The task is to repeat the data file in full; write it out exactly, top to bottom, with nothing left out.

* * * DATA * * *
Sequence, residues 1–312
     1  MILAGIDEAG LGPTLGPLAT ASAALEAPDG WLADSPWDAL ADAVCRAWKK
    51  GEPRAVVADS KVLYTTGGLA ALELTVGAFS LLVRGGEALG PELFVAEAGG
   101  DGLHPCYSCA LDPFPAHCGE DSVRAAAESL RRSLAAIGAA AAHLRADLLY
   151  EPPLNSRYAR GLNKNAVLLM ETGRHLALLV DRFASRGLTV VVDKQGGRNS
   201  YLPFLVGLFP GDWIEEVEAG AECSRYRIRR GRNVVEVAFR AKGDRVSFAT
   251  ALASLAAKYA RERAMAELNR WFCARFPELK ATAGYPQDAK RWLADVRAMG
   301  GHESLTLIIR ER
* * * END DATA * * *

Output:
Sequence, residues 1–312
     1  MILAGIDEAG LGPTLGPLAT ASAALEAPDG WLADSPWDAL ADAVCRAWKK
    51  GEPRAVVADS KVLYTTGGLA ALELTVGAFS LLVRGGEALG PELFVAEAGG
   101  DGLHPCYSCA LDPFPAHCGE DSVRAAAESL RRSLAAIGAA AAHLRADLLY
   151  EPPLNSRYAR GLNKNAVLLM ETGRHLALLV DRFASRGLTV VVDKQGGRNS
   201  YLPFLVGLFP GDWIEEVEAG AECSRYRIRR GRNVVEVAFR AKGDRVSFAT
   251  ALASLAAKYA RERAMAELNR WFCARFPELK ATAGYPQDAK RWLADVRAMG
   301  GHESLTLIIR ER